Most women are flustered by frequent urine and blood tests for monitoring healthy pregnancy. Routine checkups paired with dietary restrictions are not a pleasant experience for any women. However, any condition should not be overlooked during those laborious nine months of gestation. If your urine report indicates presence of ketones, then stop and read below! Although ketones in urine during pregnancy may not lead to complications in pregnancy, here’s some food for thought: What are ketones? Ketones are acid bodies which are produced when fat is broken down by the body instead of carbohydrates to keep the body working. Causes This usually happens, when there is shortage of carbohydrates in body, probably when one has not eaten for a long time. Secondly, if the body is unable to obtain glucose from blood, then the liver breaks down fats which produces ketones. The lower rate of insulin in blood, like when suffering from diabetes or pancreatic disorders may not be producing sufficient quantities of insulin to break down sugar/glucose from the food we eat in usable form. Starvation: If carbohydrates are not provided to the body and the fat is continuously broken down to obtain energy, then resulting ketones keep accumulating which then become detectable in blood and urine. Dehydration Low-carbohydrate diet: When pregnant, one needs approx 300 calories more per baby. If enough calories are not being provided to body, then liver breaks down fat or protein to obtain energy. Eating disorders: Anorexia Nervosa, Bulimia Nervosa Metabolic disorders Stress Symptoms vomiting or nausea excessive sweating weakness fatigue headache dizziness bad breath abdominal pain feeling thirsty all the time If you experience any of the above symptoms during pregnancy, its sensible to inform yo Continue reading >>

Urine Ketones - Meanings And False Positives

Urine Ketones - Meanings And False Positives

Professional Reference articles are written by UK doctors and are based on research evidence, UK and European Guidelines. They are designed for health professionals to use. You may find the Urine Ketones article more useful, or one of our other health articles. Description Ketones are produced normally by the liver as part of fatty acid metabolism. In normal states these ketones will be completely metabolised so that very few, if any at all, will appear in the urine. If for any reason the body cannot get enough glucose for energy it will switch to using body fats, resulting in an increase in ketone production making them detectable in the blood and urine. How to test for ketones The urine test for ketones is performed using test strips available on prescription. Strips dedicated to ketone testing in the UK include[1]: GlucoRx KetoRx Sticks 2GK® Ketostix® Mission® Ketone Testing should be performed according to manufacturers' instructions. The sample should be fresh and uncontaminated. Usually the result will be expressed as negative or positive (graded 1 to 4)[2]. Ketonuria is different from ketonaemia (ie presence of ketones in the blood) and often ketonuria does not indicate clinically significant ketonaemia. Depending on the testing strips used, urine testing for ketones either has an excellent sensitivity with a low specificity, or a poor sensitivity with a good specificity. However, this should be viewed in the context of uncertainty of the biochemical level of significant ketosis[3]. Interpretation of results Normally only small amounts of ketones are excreted daily in the urine (3-15 mg). High or increased values may be found in: Poorly controlled diabetes. Starvation: Prolonged vomiting. Rapid weight loss. Frequent strenuous exercise. Poisoning (eg, with isop Continue reading >>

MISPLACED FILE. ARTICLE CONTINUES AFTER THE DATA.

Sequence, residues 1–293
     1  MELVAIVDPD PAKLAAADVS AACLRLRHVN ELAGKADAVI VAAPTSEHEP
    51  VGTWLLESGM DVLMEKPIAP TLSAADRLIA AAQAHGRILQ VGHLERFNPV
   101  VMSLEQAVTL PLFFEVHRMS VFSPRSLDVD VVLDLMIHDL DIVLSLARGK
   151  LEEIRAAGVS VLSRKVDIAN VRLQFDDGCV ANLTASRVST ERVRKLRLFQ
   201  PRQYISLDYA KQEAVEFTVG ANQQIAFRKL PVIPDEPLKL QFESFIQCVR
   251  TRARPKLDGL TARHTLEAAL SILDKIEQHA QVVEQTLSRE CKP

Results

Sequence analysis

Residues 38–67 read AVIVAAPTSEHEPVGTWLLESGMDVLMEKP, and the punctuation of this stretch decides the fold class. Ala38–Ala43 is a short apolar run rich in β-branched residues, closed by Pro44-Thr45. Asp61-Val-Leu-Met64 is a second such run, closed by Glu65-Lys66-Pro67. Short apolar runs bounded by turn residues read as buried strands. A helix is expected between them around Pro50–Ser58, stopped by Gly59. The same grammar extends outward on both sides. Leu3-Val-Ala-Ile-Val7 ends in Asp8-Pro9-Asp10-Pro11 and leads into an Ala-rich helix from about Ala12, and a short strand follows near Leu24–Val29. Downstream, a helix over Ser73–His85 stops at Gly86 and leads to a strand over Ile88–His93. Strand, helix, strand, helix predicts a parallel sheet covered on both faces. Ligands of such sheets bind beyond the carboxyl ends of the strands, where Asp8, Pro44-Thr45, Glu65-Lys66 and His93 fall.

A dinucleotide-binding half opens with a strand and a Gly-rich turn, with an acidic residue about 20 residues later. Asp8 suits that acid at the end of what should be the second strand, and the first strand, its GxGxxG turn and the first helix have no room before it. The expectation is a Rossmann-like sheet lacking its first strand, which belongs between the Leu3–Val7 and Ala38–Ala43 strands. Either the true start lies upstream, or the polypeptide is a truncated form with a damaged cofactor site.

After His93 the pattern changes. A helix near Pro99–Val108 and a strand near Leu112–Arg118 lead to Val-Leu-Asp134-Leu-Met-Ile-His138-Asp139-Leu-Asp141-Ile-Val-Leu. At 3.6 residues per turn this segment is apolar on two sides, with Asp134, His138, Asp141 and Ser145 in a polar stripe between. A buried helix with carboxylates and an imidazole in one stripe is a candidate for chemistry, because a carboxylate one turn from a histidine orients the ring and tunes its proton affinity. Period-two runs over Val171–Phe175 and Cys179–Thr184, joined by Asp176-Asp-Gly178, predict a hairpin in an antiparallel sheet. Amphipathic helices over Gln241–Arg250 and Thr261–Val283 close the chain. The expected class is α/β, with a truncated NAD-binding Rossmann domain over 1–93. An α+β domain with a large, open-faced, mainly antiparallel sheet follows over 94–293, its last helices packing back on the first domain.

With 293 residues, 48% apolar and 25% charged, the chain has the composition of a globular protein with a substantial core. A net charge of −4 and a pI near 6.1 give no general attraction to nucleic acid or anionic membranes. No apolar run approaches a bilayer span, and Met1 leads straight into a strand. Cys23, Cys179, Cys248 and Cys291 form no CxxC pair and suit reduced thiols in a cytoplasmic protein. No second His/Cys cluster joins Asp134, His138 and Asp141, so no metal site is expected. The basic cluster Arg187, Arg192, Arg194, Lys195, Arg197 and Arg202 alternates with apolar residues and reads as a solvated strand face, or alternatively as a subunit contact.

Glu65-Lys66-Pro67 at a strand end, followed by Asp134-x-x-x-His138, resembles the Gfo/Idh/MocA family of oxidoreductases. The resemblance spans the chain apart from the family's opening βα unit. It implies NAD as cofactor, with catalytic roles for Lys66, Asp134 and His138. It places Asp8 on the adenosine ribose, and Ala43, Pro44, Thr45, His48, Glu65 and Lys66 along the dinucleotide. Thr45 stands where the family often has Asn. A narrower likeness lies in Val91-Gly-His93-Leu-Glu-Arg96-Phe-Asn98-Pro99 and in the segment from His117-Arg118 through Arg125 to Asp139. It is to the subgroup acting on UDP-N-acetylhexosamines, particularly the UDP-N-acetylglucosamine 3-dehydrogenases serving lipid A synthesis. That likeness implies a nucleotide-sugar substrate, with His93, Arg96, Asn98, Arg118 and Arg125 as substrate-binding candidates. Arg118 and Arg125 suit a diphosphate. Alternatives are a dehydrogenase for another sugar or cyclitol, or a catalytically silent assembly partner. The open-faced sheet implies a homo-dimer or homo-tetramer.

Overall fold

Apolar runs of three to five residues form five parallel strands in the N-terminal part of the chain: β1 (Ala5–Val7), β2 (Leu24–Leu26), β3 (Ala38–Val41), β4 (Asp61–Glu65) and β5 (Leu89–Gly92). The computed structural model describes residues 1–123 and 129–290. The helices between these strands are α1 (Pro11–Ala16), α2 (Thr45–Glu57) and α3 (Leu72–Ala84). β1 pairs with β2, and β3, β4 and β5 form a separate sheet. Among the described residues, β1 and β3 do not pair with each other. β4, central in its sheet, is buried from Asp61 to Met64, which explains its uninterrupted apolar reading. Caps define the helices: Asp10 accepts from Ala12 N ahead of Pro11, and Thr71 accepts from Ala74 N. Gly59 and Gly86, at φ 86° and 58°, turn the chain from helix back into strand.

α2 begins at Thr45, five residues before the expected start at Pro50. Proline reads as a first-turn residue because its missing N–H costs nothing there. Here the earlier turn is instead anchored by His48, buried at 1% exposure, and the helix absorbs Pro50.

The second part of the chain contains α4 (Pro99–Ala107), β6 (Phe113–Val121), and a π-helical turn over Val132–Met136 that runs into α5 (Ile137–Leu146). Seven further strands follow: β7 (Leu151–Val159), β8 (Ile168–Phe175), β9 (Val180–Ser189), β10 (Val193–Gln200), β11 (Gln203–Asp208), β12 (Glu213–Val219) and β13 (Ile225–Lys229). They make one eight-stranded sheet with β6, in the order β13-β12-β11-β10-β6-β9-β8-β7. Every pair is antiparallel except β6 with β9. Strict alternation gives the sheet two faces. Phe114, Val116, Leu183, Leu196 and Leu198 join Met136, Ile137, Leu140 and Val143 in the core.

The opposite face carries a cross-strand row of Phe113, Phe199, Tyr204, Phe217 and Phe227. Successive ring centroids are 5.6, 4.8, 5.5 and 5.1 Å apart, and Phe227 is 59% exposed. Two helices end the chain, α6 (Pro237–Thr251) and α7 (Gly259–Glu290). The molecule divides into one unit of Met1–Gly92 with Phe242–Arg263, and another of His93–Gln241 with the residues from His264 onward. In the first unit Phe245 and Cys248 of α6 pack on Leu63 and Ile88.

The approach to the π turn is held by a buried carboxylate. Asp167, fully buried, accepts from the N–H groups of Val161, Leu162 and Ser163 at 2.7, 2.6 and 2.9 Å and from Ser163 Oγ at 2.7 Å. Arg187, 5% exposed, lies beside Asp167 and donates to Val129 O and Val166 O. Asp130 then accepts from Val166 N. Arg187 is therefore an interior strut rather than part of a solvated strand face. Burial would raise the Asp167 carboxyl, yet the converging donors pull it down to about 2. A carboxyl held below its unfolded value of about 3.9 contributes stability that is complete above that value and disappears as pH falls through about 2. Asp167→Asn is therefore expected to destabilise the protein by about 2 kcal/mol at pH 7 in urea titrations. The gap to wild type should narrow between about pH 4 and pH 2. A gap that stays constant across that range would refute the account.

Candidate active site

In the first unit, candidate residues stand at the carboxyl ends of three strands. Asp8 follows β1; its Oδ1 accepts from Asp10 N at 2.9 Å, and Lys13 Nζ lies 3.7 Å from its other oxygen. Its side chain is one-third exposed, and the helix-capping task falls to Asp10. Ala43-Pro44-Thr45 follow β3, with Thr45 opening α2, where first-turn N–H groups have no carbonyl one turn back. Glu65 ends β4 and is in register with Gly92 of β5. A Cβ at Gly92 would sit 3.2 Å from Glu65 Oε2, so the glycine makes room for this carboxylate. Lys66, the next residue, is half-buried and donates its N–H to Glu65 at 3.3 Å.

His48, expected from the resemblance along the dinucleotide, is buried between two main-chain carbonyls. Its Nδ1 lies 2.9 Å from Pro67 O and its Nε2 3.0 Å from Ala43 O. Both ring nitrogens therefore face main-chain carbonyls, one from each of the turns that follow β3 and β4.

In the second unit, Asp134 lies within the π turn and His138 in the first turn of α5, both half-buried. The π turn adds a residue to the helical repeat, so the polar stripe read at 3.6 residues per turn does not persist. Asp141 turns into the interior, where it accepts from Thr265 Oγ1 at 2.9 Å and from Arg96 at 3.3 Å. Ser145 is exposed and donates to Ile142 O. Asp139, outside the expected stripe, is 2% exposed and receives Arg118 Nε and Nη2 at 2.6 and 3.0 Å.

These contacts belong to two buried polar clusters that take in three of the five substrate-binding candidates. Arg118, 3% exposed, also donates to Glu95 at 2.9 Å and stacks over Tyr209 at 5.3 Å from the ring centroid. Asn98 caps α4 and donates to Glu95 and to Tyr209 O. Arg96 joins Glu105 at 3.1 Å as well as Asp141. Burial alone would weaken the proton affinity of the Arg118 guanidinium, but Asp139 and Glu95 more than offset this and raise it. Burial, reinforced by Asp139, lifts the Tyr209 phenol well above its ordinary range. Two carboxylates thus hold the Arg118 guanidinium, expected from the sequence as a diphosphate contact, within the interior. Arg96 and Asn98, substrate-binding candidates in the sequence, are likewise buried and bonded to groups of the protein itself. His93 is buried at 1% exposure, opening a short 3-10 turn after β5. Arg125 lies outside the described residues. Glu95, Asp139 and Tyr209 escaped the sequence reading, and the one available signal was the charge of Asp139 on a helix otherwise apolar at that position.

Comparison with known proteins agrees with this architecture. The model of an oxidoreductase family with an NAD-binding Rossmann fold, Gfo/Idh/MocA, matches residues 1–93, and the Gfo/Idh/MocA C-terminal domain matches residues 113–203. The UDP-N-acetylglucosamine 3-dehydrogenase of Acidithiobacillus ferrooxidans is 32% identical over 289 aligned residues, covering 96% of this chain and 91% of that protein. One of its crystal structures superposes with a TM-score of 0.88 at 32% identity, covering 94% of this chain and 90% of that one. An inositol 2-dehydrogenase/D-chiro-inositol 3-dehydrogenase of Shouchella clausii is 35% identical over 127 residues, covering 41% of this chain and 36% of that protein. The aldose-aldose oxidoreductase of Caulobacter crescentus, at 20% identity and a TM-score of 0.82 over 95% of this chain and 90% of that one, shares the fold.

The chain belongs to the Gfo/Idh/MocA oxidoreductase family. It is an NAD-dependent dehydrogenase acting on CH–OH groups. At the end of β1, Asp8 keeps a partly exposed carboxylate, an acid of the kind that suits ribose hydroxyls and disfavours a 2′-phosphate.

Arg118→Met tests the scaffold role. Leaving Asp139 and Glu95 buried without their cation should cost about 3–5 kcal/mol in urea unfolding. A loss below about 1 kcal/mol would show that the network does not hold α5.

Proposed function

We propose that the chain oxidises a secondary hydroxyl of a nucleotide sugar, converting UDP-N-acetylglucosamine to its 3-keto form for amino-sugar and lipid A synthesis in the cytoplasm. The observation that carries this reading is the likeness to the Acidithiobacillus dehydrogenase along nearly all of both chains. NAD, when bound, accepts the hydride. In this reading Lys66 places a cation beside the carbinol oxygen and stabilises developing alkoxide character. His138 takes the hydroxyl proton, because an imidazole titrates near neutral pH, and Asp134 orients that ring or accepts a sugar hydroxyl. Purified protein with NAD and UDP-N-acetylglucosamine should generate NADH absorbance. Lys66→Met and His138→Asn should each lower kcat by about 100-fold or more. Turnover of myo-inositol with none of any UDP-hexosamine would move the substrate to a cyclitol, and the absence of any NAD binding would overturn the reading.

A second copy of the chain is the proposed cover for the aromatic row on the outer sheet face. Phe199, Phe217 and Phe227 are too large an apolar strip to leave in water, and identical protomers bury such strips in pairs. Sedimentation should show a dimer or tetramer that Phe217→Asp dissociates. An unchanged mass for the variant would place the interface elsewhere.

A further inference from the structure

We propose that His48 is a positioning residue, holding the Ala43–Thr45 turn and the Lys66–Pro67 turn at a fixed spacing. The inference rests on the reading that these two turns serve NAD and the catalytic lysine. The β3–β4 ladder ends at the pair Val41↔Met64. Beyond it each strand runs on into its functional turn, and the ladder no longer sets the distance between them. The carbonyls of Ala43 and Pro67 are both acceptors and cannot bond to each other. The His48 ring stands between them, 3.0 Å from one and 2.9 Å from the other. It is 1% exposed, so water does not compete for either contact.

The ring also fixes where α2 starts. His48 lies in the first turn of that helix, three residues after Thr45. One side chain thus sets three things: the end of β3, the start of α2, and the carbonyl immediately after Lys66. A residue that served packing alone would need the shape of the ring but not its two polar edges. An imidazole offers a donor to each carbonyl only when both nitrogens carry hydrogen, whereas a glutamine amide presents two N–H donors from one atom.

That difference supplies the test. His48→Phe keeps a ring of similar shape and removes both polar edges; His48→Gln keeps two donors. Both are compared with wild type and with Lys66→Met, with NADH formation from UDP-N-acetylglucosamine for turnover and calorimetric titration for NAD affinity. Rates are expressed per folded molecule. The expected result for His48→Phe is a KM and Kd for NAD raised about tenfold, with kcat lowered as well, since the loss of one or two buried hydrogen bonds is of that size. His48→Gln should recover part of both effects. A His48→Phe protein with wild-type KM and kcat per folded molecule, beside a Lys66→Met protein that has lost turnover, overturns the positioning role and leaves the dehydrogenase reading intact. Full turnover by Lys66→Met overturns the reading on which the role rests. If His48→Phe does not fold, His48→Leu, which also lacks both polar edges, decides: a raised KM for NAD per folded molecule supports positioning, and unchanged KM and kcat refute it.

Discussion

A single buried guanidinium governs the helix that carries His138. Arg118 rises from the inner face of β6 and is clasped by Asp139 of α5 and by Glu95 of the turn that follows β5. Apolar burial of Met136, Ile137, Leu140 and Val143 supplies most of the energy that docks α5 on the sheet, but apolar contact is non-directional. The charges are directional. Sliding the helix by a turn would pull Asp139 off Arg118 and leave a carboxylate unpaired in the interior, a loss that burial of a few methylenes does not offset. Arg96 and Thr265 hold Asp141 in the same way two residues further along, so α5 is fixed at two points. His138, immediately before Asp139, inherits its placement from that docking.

Ketones In Urine During Pregnancy

Ketones In Urine During Pregnancy

Ketones in the urine during pregnancy is a health concern which some women experience during those crucial nine months. Although, it is not a high-risk pregnancy complication, studies reveal that it can be a cause of worry. Ketones are substances derived from fat breakdown. They are used by the body as a source of energy under emergency circumstances, like starvation or glucose deficiency, in order to survive. In other words, ketones in the urine are formed when the body's fat reserves are used to generate energy. Ketones in the blood further leads to ketosis. Weakness, nausea, lethargy, and excess sweating are signs of ketosis. Occurrence Our body gets its energy from the food we eat, which gets converted into glucose or blood sugar. It is insulin which provides an easy access to this blood sugar. During pregnancy, the placental hormones make the body resistant to insulin, which subsequently restricts the glucose in the blood from entering the cells. Hence, though the blood will be enriched with blood sugar, the cells will be deprived of the required energy. As a result, the cells start accessing other energy sources, like the fat stores, resulting in ketones as the byproduct of this entire process. Causes There can be various factors that may contribute to large ketones in the urine during pregnancy; dehydration and bad diet, to name a few. Others are enlisted below: ➤ Not getting enough calories from the food you are eating ➤ Long time intervals between meals ➤ Skipping meals or snacks ➤ Gestational diabetes ➤ Diets which include low intake of carbohydrates ➤ Dehydration - not drinking enough water ➤ Metabolic disorders ➤ Nausea, poor eating habits or throwing up ➤ Insulin resistance from hormones as a result of which the body is unable to access bl Continue reading >>